It’s difficult to know how many pieces of information didn’t transfer. You might experience something years later that triggers the painful memory. Therefore, you may have to forgive someone more than once.
Forgive Seventy Times Seven
Forgiveness is not for the faint of heart. It also requires forbearance. Think of the agony Jesus was in when he forgave all who wronged him. Since memories of hurtful events can randomly pop up, the pain associated with those memories also recurs. Therefore, you might have to forgive someone over and over. Jesus gave us this message when Peter asked him how many times we had to forgive someone.
My Personal Seventy Times Seven
Many years ago, I loved a man whose emotional issues eventually evolved into violent and abusive behaviors. The situation became so dangerous that I had to get out. So, I got divorced. Even many years later, and after my ex-husband passed away, memories popped up and sent me reeling with fear, resentment, anger, and contempt. I’d become irritable, short-tempered, impatient, and bitter. Finally, I told God I needed to forgive entirely and asked Him what to do. He told me to pray for my ex-husband. Admittedly, that is not what I had in mind. But I did it. I remember my first prayer. It felt like a volcanic eruption in my soul as I held onto the arm of my chair and grunted out, “God help him!”
Relieved that I did what God told me, I asked Him again the next day. Thinking he would suggest I contribute to my favorite charity or something like that, he told me again to “Pray for him.” And, so I did. I prayed every day for many, many days. Maybe it was seventy? As the days passed, I prayed with more ease, the memories faded, and the pain ceased. Because I genuinely forgave him, I no longer felt any negativity towards my ex-husband. Instead, I feel sorrow for him. My mind is at peace, and my heart is soft with compassion. My soul rejoices.
Outcomes of Unforgiveness
When there is no forgiveness, there is no peace. If you find joy, it is tenuous at best. Love becomes conditional, and freedom is a farfetched luxury. Any satisfaction is imaginary, and contentment is undetermined. There is no real happiness.
Results of Forgiveness
When you forgive, you release the pain and the pain-maker from his debt to you. (It’s like pulling off a tick.) It may seem like the offender gets off without the pain of punishment, but in truth, you are the one set free. You no longer carry the burden of hatred, self-blame for not adequately protecting yourself (or others), and the desire for vengeance. The result is a cleansed conscience and refreshed soul. Love will fill your heart, and your mind will be clear. You’ll be physically healthier. Moreover, when you let go of the debt, you give it to the King of the Universe. And He’s got it covered.
“Repent! The End is Near”
During the 1960s, a familiar cartoon picture was a scruffy cloaked old man holding a sign that read, “The End is Near.” The cartoon poked fun of the street corner preachers and profits who warned passersby with signs that read, “Repent! The End is Near.”
In truth, that’s good advice. We should repent because we don’t know the end time for us or anyone we’ve offended. When we repent, we regret what we did that hurt someone and ask for mercy. We ask for forgiveness. It’s difficult to ask for forgiveness, but it’s even more challenging to give mercy. Both are risky. Therefore, each party must be strong in faith, love, and trust.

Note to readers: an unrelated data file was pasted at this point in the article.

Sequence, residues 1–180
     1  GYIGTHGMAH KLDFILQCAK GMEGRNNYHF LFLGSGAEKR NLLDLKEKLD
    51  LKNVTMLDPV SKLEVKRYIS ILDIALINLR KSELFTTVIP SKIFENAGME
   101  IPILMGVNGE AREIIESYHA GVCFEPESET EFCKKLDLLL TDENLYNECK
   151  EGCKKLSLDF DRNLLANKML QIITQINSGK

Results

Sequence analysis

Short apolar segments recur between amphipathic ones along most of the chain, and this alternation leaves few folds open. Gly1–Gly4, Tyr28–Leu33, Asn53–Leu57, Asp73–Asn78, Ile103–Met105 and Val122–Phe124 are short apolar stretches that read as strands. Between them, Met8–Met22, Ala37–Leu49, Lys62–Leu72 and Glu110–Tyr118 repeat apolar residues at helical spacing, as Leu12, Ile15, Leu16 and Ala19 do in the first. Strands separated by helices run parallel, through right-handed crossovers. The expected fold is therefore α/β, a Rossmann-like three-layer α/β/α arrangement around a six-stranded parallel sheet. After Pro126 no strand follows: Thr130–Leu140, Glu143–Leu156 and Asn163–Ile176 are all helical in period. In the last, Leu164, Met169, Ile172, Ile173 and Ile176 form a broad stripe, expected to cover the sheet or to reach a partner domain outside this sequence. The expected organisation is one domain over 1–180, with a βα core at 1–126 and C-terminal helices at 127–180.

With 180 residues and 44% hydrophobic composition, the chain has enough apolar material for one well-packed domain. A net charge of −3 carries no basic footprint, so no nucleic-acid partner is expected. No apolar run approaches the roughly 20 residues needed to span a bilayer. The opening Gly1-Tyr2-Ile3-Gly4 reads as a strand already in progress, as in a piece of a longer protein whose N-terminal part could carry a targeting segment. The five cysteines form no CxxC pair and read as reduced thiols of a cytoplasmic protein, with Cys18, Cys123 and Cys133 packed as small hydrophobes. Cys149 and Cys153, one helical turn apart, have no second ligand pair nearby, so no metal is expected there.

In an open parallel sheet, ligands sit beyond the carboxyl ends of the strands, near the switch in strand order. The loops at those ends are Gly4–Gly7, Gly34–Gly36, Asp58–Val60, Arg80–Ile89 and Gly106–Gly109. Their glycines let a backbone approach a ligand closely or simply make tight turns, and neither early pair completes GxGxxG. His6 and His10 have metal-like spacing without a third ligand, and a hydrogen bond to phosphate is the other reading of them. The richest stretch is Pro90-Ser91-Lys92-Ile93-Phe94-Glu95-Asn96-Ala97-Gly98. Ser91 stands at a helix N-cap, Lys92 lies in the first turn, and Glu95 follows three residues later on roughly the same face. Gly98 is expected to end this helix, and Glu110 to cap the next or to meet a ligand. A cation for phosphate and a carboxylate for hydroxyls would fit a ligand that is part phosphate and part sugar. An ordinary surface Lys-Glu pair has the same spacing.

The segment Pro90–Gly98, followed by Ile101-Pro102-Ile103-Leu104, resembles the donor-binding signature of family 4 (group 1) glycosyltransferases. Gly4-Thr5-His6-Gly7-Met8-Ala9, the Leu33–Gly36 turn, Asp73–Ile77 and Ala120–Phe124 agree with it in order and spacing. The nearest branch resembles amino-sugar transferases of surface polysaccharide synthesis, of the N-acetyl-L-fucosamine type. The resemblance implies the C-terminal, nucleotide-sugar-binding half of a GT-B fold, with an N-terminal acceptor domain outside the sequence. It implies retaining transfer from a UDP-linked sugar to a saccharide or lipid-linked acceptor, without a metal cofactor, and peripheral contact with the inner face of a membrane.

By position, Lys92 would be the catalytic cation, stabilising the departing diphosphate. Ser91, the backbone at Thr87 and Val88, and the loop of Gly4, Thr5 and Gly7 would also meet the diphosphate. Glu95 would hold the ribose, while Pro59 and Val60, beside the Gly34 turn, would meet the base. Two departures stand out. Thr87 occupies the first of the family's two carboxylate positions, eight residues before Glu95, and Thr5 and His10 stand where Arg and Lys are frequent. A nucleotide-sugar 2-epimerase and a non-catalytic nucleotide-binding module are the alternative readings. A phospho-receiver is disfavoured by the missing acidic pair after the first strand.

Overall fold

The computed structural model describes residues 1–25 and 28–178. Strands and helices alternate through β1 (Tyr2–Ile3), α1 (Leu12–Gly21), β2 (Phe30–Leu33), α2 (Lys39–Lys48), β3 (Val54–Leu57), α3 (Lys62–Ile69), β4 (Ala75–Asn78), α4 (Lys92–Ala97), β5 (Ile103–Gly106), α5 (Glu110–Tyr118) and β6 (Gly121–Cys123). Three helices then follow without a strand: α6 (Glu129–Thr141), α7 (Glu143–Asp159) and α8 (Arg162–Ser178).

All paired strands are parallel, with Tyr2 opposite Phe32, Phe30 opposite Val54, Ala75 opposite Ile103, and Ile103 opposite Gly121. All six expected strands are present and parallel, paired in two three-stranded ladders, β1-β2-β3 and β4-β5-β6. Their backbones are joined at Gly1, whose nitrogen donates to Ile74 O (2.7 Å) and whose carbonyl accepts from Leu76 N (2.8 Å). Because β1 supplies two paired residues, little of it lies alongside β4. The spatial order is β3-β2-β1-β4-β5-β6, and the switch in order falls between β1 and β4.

How to Repent
Many people give disingenuous apologies. Those do not promote reconciliation. To make a genuine apology, the offender must express his regret (“I’m sorry.”) and acknowledge the effects of his offense (“I must have really disappointed you when I ….”). At which point he may ask for forgiveness (“Will you forgive me?”) or make the statement, “I hope you can forgive me.” Then the victim can confirm or deny the request.
No Mercy, No Relationship
What happens when someone withholds mercy? This very thing happened to me a few years ago. I unknowingly offended a friend of mine. After she brought it to my attention, I apologized in earnest and asked for forgiveness. She answered by shaking her head, “No.” As much as I wanted to continue the friendship, I couldn’t. You can’t reconcile with someone who isn’t willing to release you of a mistake. Instead, you would spend your time trying to prove yourself worthy of someone who doesn’t trust you. The relationship becomes a winless competition.
Forgiving People Who Don’t Ask for It
Many clients who’ve recovered from horrible situations and forgave the perpetrator get the urge to tell the offender that they’ve forgiven him. I discourage this because it doesn’t yield a good outcome.
People’s consciences let them know when they’ve hurt someone. If they don’t repent, they don’t have a conscience, or they deny the pain they caused as a way to handle the shame and guilt. Someone who doesn’t have a conscience lacks empathy and could be a sociopath. These people are a menace to society and will see your forgiveness as superiority, which they can’t handle. Therefore, they could pose another threat.
People who have a conscience, but don’t listen to it, deny their guilt. Their constant battle to ignore their conscience causes them to live in constant denial. Soon, they lose sight of the truth. In addition, their shame and guilt evolve into anger and contempt. These folks become unapproachable. They’ve closed off their receptors to anything good. Therefore, if you try to give them something good, like forgiveness, they will resist and spew it back on you tenfold to make you go away. How dare you remind them of the truth?
Forgiveness Makes You Happy
When you forgive, you utilize all the spiritual gifts God has given you. Moreover, you love with your heart, soul, and mind, which is God’s command. Finally, the courage to forgive builds your confidence and faith and brings you closer to God.
Forgiveness gives you joy, peace, love, freedom, satisfaction, and contentment. It makes you happy!
Forgiveness makes you happy